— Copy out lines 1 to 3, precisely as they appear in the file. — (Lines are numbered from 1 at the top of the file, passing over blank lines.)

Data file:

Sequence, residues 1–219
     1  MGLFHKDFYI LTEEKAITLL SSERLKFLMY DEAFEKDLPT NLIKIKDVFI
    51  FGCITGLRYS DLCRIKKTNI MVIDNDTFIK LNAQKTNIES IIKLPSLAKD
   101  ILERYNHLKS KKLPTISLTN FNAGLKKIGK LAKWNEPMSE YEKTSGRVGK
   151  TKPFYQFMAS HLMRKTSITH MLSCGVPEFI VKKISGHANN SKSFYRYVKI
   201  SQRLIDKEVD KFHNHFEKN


Sequence, residues 1–219
     1  MGLFHKDFYI LTEEKAITLL SSERLKFLMY DEAFEKDLPT NLIKIKDVFI
    51  FGCITGLRYS DLCRIKKTNI MVIDNDTFIK LNAQKTNIES IIKLPSLAKD